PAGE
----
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Born: Tuesday 30 March 1915, Asunción, Paraguay
Died: Saturday 23 July 1977, Buenos Aires, Argentina (aged 62)
Perhaps the greatest player ever to come from Paraguay, Arsenio Erico spent most of his career playing in Argentina and stands as the all-time record goalscorer in the Argentine Primera División. Although he never had the opportunity to play on the international stage, he remains a legendary figure in both Paraguay and Argentina and even the great Alfredo Di Stéfano counted Erico among his inspirations.
Arsenio Erico was born in the Paraguayan capital Asunción on 30 March 1915 and as his name perhaps suggests, was of Italian descent on his father's side. He displayed a talent for football at an early age and was signed up to the youth team of Club Nacional at the age of 11. Four years later he was in the first team, but his time at Nacional was often disrupted by the Chaco War between Paraguay and Bolivia. The war prevented a proper league championship being played in 1932 and the Red Cross organised a number of fundraising tours involving the country's leading footballers.
It was on one such tour, to Argentina, that the young Erico caught the eye of both Independiente and River Plate, who both wanted to sign him. Erico eventually signed for Independiente and made his debut on 6 May 1934 against Boca Juniors. He did not score in that game, but did get two in his second match. He went on to score 12 in his first season, and followed that up with 22 the following year.
Quickly becoming one of the most fearer strikers in Argentina, one of his greatest attributes was his heading ability, which combined with the red shirt of Independiente brought him the nickname 'red jumper'. He was able to head the ball a remarkable distance and to 'hang' in the air when meeting a cross. Erico was also known for scoring spectacular and unusual goals, he was the first player known to have used the techinque which some 60 years later came to be known as the 'scorpion', whereby a player jumps forward and uses both heels to propel the ball forwards.
Perhaps uniquely among players who have made such an impact at club level, Erico never played an official international match. For much of his early career, Paraguay were inactive in international football and by the time the did compete in the South American Championship in 1937, Independiente did not want to release him for matches. That omission came at the peak of his career, as he scored 47 goals in the 1937 seasons, the highest total in the league as Independiente finished runners-up to River Plate.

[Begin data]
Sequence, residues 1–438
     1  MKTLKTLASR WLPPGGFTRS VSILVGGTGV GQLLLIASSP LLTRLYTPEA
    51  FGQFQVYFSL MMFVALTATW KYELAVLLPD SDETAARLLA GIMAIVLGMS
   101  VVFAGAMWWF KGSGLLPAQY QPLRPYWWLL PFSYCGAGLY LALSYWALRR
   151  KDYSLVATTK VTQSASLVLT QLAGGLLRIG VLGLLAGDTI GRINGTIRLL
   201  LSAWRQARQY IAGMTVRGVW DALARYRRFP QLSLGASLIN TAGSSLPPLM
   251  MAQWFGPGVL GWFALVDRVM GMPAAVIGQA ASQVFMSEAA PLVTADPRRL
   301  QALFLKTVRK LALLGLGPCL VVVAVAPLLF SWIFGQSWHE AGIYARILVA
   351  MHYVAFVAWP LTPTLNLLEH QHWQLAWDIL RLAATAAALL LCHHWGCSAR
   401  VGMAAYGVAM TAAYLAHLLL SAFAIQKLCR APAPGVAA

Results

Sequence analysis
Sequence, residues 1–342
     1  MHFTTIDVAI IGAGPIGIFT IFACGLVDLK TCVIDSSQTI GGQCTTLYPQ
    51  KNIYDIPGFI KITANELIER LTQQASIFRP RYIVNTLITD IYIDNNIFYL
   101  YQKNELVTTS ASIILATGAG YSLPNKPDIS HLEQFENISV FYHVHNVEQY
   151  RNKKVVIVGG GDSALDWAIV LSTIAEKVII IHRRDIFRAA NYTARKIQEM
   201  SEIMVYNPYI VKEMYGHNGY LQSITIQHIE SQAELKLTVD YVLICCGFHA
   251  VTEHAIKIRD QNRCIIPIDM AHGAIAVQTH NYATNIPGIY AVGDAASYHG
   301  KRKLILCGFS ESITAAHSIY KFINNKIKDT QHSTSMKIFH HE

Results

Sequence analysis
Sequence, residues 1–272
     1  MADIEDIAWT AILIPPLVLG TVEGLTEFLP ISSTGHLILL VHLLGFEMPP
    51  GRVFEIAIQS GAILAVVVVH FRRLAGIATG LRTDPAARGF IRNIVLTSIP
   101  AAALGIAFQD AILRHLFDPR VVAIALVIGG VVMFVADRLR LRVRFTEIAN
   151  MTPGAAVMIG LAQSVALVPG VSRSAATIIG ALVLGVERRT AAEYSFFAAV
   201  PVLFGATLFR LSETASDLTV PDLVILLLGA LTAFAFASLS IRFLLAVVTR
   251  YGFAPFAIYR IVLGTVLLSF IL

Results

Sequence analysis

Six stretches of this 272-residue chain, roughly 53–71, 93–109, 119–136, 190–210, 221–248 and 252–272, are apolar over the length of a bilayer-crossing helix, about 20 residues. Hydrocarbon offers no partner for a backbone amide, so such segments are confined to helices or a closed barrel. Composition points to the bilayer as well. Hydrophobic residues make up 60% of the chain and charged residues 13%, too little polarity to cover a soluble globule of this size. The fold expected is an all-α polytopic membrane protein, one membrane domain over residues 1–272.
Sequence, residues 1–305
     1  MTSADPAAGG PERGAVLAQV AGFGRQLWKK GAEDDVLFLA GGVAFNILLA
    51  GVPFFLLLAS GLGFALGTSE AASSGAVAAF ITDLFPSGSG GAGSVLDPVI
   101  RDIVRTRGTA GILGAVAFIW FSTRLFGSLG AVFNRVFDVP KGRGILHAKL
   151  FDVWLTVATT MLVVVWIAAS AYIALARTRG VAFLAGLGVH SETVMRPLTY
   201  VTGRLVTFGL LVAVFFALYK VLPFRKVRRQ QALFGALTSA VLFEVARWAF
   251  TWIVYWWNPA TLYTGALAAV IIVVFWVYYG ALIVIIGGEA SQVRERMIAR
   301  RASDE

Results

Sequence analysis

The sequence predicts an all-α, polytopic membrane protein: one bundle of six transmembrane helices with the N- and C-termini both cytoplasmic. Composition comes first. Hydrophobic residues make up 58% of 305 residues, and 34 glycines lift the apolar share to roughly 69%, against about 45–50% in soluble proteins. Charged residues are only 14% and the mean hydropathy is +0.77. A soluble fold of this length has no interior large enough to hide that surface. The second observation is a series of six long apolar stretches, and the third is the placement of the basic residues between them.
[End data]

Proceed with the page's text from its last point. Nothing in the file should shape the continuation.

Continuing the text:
Erico was the league's leading scorer in each of the next two seasons as well, reaching the 40 goal barrier both times and propelling Independiente to back-to-back league titles. His performances attracted the attention of the Argentinian national team who wanted him to take citizenship so he could go with them to the 1938 World Cup, but Erico refused on the grounds that he wouldn't want to represent anyone but Paraguay. Despite disappointment at his decision, he won widespread respect in Argentina for his loyalty to his country. Argentina eventually withdrew from World Cup qualifying.
One of Erico's title winning seasons provided perhaps the most bizarre story of his career, when in 1938 a cash prize was offered by the makers of 'Cigarrillos 43' cigarettes for anyone who could score 43 league goals that season. Erico had ample opportunity to exceed that total, but needed exactly 43 for the prize and missed a number of chances as well as passing when he could have shot, to ensure that he could claim the money.
In 1941 Erico found himself in conflict with Independiente when he requested a pay rise. When it was not granted he went home to Paraguay to play for his country in a friendly tournament but the Argentinian FA stepped in to get the competition stopped. Erico returned to Independiente and got his pay rise. One year later, with relations still tense, he played a couple of games back in Paraguay for Club Nacional as they won the league title
Both River Plate and San Lorenzo de Almagro both bid for his signature, but Independiente did not want him to move to a rival club and he ultimately stayed with the club for four more years. By the time he left Independiente after the 1946 season, Erico had scored 295 league goals in 325 games, although for many years he was only credited with 293. Those two extra goals put him two ahead of Ángel Labruna at the top of the all-time list. Erico's career in Argentina ended with seven games for Huracán in 1947, in which he couldn't add to his goal total.
Returning home to Paraguay, Erico became player-coach at Club Nacional and played a handful of games as the team narrowly finished runners-up to Guaraní in 1949. He also briefly coached at Club Sol de América, who he also took to second place in the league, but his career in management was relatively short. In his retirement, he split his time between his home country of Paraguay and his adopted home in Argentina.
Through the 1970s Erico suffered increasing health problems and after an operation to amputate his left leg in 1977 complications set in. He suffered a heart attack and died on 23 July in Buenos Aires, aged 62. Independiente covered the costs of their great former player's funeral. His burial in Argentina was a disappointment to many Paraguayans, who wanted him brought home. From the mid-1990s increasing efforts were made to have his body repatriated and in 2010, more than 32 years after his death, his coffin was transported to Asunción for reburial, draped in the flags of both Paraguay and Argentina. Club Nacional's stadium in Asunción is named in his honour.
References (all accessed 18 February 2012):
- Published on Saturday, 18 February 2012 19:47